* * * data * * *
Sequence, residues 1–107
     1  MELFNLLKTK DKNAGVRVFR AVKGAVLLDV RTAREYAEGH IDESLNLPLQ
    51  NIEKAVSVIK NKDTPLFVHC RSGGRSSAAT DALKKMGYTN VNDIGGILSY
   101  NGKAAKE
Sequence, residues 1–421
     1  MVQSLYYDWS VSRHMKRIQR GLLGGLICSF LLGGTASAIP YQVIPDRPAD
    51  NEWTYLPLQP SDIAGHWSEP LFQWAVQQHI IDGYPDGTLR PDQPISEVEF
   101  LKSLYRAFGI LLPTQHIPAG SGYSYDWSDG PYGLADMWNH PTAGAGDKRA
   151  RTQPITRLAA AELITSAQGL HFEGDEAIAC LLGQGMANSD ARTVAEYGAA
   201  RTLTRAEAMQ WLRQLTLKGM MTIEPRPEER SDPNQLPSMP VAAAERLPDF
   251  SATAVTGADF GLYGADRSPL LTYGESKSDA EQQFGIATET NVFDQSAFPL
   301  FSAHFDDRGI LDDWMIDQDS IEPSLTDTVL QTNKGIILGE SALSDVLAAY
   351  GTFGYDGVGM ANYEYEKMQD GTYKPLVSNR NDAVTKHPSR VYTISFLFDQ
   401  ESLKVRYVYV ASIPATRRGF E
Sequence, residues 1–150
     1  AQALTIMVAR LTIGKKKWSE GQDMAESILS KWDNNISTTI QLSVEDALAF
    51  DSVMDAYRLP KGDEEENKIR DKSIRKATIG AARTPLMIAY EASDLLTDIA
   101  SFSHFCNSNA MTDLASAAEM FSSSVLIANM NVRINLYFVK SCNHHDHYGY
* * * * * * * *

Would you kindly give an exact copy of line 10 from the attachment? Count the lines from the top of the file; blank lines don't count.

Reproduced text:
   201  RTLTRAEAMQ WLRQLTLKGM MTIEPRPEER SDPNQLPSMP VAAAERLPDF